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Designing Evolution Paths for Enterprise-wide Information Systems

Buchtitel: Design Science Research. Cases, 09.2020


(a) Problem faced: Due to heterogeneous stakeholder requirements, highly diverse tasks, and massive investments needed, enterprise-wide information systems (e-wIS) are often developed through multiple projects over long time periods. In this context, choosing the ‘right’ evolution paths becomes essential. This is not straightforward because e-wIS comprise technical, organizational, and use-related issues so that development stages need to be aligned over heterogeneous dimensions. Although maturity models (MM) are an established instrument to devise development paths, their respective development processes often lack transparency and theoretical as well as empirical grounding. Moreover, extant MM often focus on the control of certain capabilities (doing things right) rather than on providing the necessary capabilities in a sequence appropriate for a given type of organization (doing the right things). (b) Solution developed: We propose an empirically grounded design method for MMs, which devises capability development sequences rather than control levels. We instantiate the proposed method twice—for developing a Business Intelligence (BI) MM as well as a Corporate Performance Management (CPM) MM as two exemplary types of e-wIS. The artifacts are developed over three laps to successively enhance both their projectability in the problem space and their tangibility in the solution space. (c) Lessons Learned: (1) In DSR projects it often proves valuable to be open for diverse research approaches such as classical qualitative or quantitative approaches since they may purposefully ground and guide design decisions. (2) Complex artifact design processes may not be carried out by a single PhD student or published in a single paper. They require adequate decomposition and organizational integration. (3) Finally, complex and emergent artifact design processes require a reliable network of practice organizations rather than a project contract with a single organization.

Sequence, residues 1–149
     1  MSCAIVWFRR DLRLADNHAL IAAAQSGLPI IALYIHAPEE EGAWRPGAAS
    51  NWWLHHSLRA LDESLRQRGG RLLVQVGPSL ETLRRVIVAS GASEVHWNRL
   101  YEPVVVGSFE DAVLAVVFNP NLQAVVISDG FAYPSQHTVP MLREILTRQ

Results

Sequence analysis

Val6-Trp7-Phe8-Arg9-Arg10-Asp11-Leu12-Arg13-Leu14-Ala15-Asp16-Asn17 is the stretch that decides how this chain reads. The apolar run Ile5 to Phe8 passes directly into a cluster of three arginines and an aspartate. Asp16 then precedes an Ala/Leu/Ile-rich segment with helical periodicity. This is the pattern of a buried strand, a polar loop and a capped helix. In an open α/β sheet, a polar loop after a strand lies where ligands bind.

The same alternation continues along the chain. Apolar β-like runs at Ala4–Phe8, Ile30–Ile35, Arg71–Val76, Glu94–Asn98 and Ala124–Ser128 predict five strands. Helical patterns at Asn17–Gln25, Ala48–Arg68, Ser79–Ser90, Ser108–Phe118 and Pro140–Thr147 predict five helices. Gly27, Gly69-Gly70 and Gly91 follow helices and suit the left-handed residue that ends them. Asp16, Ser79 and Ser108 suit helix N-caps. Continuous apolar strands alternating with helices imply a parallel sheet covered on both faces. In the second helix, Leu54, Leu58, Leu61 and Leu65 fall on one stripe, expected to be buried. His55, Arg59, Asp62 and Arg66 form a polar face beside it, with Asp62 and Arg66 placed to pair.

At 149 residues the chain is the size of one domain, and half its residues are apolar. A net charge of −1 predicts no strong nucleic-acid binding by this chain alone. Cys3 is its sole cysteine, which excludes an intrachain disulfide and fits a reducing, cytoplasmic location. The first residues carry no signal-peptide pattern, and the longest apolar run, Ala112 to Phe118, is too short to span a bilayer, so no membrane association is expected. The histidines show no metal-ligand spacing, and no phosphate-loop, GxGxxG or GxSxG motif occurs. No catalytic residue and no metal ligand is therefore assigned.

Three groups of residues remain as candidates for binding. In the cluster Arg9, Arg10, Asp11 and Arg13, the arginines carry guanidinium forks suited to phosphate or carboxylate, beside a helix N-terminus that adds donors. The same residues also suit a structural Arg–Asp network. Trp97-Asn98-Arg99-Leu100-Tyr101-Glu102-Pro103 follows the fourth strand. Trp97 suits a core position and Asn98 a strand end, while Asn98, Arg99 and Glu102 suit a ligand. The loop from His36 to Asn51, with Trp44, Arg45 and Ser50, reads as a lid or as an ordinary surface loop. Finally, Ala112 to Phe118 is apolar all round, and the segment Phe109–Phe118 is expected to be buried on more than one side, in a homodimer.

Robert Winter, Stephan Aier

Sep 2020